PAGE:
For those who are gay or struggle with some gender issue. You are baptized! God has not abandoned you. You are not less in His sight because of your struggles against sin. He has beaten sin for you. All of the guilt, doubt and despair you may feel has been answered for on Calvary. The struggle you face to live a “sexually pure and decent life” is the Spirit’s work in you. Your failings to do so are covered by Jesus’ blood and left buried in His tomb. Your victory over these very real and very bitter struggles is the baptism which the sign of the cross remembers, the absolution your pastor speaks, and the Body and Blood of Jesus He gives you.
For parents or friends or family of someone who is gay. You are baptized! Every struggle you have, every tear, every harsh word, every uncertain reaction, every bit of mockery or derision from others—all of that, too, has been nailed to Jesus and His cross. The very real conflict between shame and support, between loathing and love, is bound up with the God who became flesh for you and washed you to make you His child. And that water and Word have washed away every sin you’ve done dealing with all of this, too.
The simple fact is that the Christ loves His Church and gave Himself for her. He has washed her and made her His spotless bride. She was born from His side in water and blood and she is washed and nurtured by that same water and blood. The church is the Bride of Christ, bought with His suffering and death, purified by His Word, and prepared for her Lord for an eternal wedding celebration.
Homosexuality, promiscuity, divorce, adultery, fornication—anything that is against marriage or denies marriage—denies the truth of Jesus and His church. But it is precisely in the truth of what Christ has done for His church that all sins are forgiven. All of them. Without exception. None greater or less than another. All of them are covered by Christ’s blood. And every struggle, and every failing, and every transgression, is covered by the promise of your baptism. This is why the whole Christian life, whatever you struggle with, is nothing other than a life in the Divine Service, hearing over and over the promise that Christ does not abandon us in our sins but forgives and gives us life.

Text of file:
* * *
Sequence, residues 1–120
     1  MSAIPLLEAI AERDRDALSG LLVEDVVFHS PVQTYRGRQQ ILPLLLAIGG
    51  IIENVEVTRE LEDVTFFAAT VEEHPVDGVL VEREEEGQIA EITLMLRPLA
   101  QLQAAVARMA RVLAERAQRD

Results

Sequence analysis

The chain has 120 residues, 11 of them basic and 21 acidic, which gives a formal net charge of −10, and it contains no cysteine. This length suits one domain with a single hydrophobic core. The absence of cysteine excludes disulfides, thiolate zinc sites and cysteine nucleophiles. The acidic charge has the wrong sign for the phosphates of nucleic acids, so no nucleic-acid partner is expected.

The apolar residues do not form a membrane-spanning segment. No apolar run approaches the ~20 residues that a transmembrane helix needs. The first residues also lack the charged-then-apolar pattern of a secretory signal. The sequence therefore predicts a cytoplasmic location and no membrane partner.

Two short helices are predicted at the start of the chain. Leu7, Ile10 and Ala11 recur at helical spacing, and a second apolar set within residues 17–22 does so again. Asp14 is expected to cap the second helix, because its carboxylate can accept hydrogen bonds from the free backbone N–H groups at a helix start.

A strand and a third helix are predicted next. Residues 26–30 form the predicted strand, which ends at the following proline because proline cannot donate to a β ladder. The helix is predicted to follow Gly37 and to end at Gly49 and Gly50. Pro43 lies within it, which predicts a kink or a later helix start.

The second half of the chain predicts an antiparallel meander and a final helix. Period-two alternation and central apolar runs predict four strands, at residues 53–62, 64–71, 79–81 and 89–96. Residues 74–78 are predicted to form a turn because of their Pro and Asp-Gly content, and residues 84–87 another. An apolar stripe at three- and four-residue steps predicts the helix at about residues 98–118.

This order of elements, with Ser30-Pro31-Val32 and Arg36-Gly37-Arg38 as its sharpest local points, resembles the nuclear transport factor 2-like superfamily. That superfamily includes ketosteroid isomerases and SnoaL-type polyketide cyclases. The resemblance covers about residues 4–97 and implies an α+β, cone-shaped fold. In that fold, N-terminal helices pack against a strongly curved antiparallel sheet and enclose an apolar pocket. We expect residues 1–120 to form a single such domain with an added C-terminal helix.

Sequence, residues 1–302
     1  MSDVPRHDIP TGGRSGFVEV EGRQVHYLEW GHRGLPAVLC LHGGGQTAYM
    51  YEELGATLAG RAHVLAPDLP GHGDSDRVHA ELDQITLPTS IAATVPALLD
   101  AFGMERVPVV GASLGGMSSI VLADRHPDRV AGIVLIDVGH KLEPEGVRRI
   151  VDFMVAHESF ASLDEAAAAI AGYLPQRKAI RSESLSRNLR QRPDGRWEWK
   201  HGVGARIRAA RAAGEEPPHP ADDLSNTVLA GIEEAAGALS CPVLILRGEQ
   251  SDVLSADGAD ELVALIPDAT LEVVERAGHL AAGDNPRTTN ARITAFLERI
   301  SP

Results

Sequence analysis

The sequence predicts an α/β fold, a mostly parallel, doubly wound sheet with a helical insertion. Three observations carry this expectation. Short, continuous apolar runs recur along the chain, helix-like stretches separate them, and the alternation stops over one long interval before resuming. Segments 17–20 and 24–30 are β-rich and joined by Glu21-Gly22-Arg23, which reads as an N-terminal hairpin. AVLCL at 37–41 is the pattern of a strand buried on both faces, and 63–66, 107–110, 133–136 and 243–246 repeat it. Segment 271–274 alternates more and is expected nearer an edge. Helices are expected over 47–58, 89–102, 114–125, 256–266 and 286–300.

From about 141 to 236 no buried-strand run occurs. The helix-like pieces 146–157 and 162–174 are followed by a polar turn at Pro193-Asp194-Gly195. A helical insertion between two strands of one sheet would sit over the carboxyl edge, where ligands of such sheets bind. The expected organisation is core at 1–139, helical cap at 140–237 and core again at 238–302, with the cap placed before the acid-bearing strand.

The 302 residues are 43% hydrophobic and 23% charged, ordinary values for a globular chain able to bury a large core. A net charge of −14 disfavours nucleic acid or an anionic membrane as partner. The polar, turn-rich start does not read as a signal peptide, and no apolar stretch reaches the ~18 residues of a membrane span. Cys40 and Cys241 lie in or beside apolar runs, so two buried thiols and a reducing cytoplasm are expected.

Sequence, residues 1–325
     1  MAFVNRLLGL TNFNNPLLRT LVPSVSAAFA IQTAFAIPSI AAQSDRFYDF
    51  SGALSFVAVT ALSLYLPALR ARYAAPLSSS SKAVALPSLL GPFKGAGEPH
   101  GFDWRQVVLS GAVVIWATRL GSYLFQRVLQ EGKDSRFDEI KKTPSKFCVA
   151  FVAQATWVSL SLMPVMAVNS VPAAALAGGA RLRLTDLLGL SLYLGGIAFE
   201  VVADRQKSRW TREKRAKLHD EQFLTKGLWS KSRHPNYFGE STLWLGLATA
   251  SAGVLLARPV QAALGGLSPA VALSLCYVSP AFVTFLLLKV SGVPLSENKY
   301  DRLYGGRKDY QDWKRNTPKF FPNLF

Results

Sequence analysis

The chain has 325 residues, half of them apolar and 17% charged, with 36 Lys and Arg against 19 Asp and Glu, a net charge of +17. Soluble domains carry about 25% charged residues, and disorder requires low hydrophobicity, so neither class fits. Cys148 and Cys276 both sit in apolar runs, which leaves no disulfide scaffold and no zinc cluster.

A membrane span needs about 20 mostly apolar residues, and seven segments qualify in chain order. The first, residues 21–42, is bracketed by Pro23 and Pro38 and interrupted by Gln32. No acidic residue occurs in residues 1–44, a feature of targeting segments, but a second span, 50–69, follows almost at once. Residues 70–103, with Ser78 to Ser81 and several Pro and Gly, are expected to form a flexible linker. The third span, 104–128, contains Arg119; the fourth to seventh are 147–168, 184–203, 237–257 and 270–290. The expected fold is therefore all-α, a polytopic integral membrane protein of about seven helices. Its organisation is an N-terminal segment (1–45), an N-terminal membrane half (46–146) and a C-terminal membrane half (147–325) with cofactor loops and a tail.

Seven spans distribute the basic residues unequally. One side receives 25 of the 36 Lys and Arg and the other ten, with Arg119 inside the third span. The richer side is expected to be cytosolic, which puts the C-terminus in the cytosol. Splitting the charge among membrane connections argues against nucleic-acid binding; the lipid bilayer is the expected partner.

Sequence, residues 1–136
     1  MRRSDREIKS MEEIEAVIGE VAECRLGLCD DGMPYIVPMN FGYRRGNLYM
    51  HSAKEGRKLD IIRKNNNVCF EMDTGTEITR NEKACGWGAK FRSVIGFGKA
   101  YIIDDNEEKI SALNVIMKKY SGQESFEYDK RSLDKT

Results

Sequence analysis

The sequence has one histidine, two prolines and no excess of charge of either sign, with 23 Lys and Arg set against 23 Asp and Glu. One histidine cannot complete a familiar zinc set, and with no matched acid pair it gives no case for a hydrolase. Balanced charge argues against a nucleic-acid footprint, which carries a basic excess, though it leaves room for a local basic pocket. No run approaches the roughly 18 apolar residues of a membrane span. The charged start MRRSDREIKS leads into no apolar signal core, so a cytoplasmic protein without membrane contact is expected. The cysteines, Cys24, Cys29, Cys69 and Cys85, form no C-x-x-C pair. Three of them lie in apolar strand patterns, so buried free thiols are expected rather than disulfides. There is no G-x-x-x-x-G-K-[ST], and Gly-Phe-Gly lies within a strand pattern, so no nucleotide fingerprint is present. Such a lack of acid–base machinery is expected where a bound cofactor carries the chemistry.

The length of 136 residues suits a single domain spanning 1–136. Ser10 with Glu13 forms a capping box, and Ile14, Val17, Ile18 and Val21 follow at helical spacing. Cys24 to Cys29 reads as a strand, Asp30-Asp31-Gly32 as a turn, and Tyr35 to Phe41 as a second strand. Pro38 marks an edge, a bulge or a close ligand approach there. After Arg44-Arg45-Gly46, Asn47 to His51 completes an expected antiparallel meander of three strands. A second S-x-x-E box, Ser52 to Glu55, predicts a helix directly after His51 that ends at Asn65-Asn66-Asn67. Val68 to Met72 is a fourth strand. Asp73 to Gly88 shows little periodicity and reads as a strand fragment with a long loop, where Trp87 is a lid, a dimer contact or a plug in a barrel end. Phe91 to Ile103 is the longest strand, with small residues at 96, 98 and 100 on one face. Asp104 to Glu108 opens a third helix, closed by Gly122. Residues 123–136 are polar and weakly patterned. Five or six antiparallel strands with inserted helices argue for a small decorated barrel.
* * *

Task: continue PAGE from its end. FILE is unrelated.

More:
The church does not accept the world’s view that “anything goes.” But neither does it seek to judge certain sins more than others. Rather, the church lives by Christ’s gifts. By His forgiveness. By His Word, water, body and blood. There is nothing else by which the Spirit works in us to rescue us from the world’s way of thinking and the darkness of sin. And that is why, when it comes down to it, the question isn’t “Are you gay or straight?” It’s “Are you baptized?” And if you are baptized, you are the Lord’s. Your Old Adam is a dead man and in Christ, you are righteous, innocent, and pure, now and forever.
Author’s note: The reality of genders struggles, often driven by the influence of the permissive world around us, means that much confusion can arise. Readers facing these sorts of issues and struggles are encouraged to speak with their pastor, whom the Lord has given to bring forgiveness and the comfort of Christ to them.
Rev. Mark Buetow is pastor of Bethel Lutheran Church in DuQuoin, Illinois and serves as the deputy and media services executive for Higher Things. He can be reached at firstname.lastname@example.org.